“Then, with disillusion deep in your eyes, you learned that fools in love soon grow wise…”

Composed in 1932 by Duke Ellington and Irving Mills, with words added by Mitchell Parish (Duke thought they were “wonderful –but not entirely fitted to my original conception”), “Sophisticated Lady” was released in 1933 and spent 16 weeks on the pop charts, peaking at #3.

The version above is a terrific 1961 live recording by Sarah Vaughan which takes great care with the melody and breathes full life into the lyrics. It’s particularly interesting because it begins with the bridge, not the first verse. Then gives us the final verse, then starts over from the beginning and goes straight through.

“Sophisticated Lady” remained one of Duke’s most enduring standards and was performed regularly by the band for decades, most frequently as a feature for the current clarinetist, or for the baritone saxophone of the great Harry Carney.

Carney was not the first baritone saxophonist in jazz, but he was the first important one, and a giant indeed; his straightforward approach and tremendous, robust sound have influenced nearly every baritone player who’s come since. He served longer than anyone else in Duke’s band, from 1927 through Duke’s death in 1974. By both sound and personality, he was considered the anchor of the band, and possibly the greatest anchor any big band has ever had. A close friend and confidant to Duke, he would conduct the band sometimes in Duke’s absence, and when the band was on the road, Duke would ride in Harry’s car. Carney was also a very early proponent of “circular breathing,” a technique used by some wind players that involves breathing in through the nose while breathing out with the mouth to produce one long, uninterrupted sound. (Kenny G would later log a Guinness World Record by using this technique to hold a note for 45 minutes and 47 seconds.)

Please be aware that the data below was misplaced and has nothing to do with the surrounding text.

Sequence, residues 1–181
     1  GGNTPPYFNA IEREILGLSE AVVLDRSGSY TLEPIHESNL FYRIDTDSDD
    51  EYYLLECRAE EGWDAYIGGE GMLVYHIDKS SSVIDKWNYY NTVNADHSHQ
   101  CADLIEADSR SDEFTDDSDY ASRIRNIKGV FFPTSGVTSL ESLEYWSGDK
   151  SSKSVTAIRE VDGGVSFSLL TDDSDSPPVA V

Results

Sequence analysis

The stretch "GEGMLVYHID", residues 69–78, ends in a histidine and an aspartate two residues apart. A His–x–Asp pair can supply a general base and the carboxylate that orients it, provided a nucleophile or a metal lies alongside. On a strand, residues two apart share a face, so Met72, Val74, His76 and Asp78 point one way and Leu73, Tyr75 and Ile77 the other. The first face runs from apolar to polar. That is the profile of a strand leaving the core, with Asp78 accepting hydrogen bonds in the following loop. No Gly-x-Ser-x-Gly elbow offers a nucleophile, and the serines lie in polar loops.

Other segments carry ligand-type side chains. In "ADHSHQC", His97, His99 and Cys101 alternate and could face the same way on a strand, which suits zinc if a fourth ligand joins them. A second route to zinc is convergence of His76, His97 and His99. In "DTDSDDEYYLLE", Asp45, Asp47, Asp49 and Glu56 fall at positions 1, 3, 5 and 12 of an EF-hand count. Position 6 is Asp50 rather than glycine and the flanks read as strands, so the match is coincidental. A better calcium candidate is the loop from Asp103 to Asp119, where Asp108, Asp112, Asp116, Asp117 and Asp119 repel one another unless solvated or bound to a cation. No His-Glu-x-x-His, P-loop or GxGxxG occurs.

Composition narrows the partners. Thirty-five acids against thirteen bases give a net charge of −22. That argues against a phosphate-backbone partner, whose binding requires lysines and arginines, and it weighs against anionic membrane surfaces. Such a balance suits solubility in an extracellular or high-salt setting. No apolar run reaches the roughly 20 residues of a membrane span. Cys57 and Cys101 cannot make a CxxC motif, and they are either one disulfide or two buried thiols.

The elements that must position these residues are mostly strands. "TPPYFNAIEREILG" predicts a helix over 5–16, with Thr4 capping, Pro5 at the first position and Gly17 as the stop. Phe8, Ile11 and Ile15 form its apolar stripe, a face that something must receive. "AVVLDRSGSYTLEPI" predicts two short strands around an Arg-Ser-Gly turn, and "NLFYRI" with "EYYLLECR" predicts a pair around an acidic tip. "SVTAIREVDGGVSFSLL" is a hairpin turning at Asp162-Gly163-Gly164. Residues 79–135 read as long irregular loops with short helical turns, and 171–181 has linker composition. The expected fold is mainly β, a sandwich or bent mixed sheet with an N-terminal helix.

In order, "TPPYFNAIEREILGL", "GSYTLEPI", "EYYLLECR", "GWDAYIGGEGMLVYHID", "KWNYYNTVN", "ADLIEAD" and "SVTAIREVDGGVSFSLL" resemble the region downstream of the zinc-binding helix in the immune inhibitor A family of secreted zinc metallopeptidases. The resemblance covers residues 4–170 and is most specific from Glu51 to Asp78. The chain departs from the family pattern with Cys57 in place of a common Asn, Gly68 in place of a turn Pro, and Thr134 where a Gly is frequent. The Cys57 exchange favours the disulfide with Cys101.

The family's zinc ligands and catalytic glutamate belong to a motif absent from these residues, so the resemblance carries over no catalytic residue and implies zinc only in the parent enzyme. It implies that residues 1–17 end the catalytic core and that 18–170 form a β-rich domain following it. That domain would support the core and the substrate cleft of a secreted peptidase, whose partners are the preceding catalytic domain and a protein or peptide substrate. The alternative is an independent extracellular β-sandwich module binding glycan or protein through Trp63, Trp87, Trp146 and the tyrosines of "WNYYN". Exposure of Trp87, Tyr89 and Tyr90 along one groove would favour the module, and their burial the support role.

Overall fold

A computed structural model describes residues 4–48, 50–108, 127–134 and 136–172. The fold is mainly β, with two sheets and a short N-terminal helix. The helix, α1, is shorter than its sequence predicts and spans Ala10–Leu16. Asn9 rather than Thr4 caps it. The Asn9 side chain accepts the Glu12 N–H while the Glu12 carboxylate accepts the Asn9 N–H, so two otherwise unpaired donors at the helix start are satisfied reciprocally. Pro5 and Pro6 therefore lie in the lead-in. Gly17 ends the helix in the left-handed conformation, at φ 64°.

Carney is featured at his very greatest in this elegant performance from the 1960s. Watch for the sound that begins at 2:20 and doesn’t stop for over a minute.


1981’s Broadway revue Sophisticated Ladies, a tribute to Ellington’s music, gave its title song a lovely showcase for groundbreaking entertainers Hinton Battle (who won the first of his three Tony Awards) and Paula Kelly. The subtlety displayed here is marvelous.